No look at the American Locomotive Company would be complete without including at least one of its finest steam locomotives. In addition to being the largest dual-service steam locomotives ever built, the Challengers were also one of the most prolific. With 240 serving on nine different railroads, these big locomotives got around. And Alco built all but 27 of them.

Challenger
The Clinchfield owned six challengers via the Rio Grande originally intended for the Union Pacific. This is an American Flyer S Gauge model.
©2014 Ryan C Kunkle, licensed to About.com, Inc.

While they pulled freight everywhere from the Poconos to the Wahsatch, the Challenger will forever be best associated with the Union Pacific. The Challenger originated on the UP and the railroad would go on to purchase 105. But its one Challenger, No. 3985, whose second career as an ambassador for the railroad has kept the class in the spotlight and converted thousands of fans in its travels.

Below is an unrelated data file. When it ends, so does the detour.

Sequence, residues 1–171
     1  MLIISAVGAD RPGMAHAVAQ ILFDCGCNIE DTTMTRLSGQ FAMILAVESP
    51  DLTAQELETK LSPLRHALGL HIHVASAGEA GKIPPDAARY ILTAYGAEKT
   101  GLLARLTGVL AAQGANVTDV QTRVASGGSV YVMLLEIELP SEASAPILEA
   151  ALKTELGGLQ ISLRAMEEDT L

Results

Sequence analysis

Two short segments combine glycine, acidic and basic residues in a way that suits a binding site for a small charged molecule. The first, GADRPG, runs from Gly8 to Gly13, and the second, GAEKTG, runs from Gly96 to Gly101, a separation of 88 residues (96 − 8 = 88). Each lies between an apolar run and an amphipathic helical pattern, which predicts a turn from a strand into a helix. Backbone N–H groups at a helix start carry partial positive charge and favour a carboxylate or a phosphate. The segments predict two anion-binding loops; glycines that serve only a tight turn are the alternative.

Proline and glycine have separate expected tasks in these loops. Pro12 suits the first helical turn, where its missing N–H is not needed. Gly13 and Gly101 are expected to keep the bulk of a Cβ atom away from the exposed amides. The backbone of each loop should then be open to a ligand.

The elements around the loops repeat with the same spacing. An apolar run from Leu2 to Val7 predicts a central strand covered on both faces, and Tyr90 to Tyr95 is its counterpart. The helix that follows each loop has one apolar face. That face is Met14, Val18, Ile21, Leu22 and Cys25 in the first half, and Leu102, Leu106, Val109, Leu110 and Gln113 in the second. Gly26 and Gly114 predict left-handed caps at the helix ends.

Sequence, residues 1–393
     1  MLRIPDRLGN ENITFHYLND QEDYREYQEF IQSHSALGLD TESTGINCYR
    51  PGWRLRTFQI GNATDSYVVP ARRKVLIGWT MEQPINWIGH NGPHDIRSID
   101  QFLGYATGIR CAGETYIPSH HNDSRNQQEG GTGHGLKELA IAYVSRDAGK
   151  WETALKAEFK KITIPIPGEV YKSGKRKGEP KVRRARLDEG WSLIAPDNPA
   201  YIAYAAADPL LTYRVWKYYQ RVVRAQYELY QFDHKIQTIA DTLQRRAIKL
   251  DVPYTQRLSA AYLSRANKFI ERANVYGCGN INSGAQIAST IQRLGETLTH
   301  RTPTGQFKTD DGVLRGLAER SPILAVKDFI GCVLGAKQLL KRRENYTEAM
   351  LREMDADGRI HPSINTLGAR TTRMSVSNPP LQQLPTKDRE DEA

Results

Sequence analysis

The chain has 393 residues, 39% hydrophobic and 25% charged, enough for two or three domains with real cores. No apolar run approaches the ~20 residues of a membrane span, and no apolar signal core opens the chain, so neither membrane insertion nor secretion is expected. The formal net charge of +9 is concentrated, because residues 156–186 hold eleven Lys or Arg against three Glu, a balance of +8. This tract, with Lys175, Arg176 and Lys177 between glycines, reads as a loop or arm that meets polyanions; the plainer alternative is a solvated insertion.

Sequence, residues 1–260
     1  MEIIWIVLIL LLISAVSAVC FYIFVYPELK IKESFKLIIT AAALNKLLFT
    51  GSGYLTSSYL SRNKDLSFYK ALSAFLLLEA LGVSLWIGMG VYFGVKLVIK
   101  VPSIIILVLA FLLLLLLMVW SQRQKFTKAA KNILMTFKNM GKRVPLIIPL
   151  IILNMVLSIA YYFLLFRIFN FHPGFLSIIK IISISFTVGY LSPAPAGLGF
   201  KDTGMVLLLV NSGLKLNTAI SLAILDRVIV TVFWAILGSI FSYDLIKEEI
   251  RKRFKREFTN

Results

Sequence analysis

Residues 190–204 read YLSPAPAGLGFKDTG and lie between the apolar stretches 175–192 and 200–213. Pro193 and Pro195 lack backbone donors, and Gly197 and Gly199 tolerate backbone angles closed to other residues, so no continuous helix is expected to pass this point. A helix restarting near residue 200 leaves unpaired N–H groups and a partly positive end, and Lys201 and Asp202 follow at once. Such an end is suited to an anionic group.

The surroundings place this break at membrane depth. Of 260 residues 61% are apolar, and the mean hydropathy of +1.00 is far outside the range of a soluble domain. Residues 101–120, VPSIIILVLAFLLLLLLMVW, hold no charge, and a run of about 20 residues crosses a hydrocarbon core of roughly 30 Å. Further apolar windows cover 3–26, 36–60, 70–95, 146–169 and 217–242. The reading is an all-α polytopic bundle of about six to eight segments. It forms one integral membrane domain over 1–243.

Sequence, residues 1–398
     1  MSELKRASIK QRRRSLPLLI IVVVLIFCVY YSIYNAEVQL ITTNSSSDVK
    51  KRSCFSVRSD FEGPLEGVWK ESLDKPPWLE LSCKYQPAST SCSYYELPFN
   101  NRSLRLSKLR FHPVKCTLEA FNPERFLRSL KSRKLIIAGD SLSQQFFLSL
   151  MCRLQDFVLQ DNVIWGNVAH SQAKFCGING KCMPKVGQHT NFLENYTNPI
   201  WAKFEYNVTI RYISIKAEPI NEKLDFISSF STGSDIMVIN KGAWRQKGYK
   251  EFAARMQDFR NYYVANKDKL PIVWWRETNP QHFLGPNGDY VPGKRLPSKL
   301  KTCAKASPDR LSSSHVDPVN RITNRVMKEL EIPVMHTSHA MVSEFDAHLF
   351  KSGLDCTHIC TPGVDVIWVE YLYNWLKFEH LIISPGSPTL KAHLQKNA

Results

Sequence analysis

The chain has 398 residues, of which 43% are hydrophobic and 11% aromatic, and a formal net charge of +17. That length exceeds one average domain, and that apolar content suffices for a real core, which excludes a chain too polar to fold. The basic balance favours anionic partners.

As the world's largest operational steam locomotive (at least until Union Pacific completes its plans for Big Boy 4014) the Challenger has been popular with model makers as well. While the mass-produced models all represent the Union Pacific's later Challengers, examples of the wheel arrangement can be found in all the major scales from Z to O. Learn more about the interesting history of the type - one of Alco's greatest - and see a list of available models in this locomotive profile.

Alco's S-2

Thursday March 20, 2014

Even as Alco was building its biggest steam locomotives, the future of railroading could be found on the assembly floor in the form of smaller diesel switchers. Alco's S-2 was a versatile switch engine. With 1000 horsepower, the locomotive was just the right size for rail yards, branch lines and industry.

S-2
A pair of S-2s await their next move in the RF&P's Potomac Yard.
©2014 Ryan C Kunkle, licensed to About.com, Inc.

Alco and its Canadian counterpart Montreal Locomotive Works sold just over 1500 S-2s in ten years. The locomotives found work on scores of railroads and industrial companies all across North America. From the coach yard to the steel mill, the S-2 provided reliable power.

The S-2, and its nearly identical twin the S-4, have been reproduced in many of the popular scales. It's easy to add this standard switcher to your layout. Learn more about the history of the locomotive, its spotting features, original owners and available models in this locomotive profile.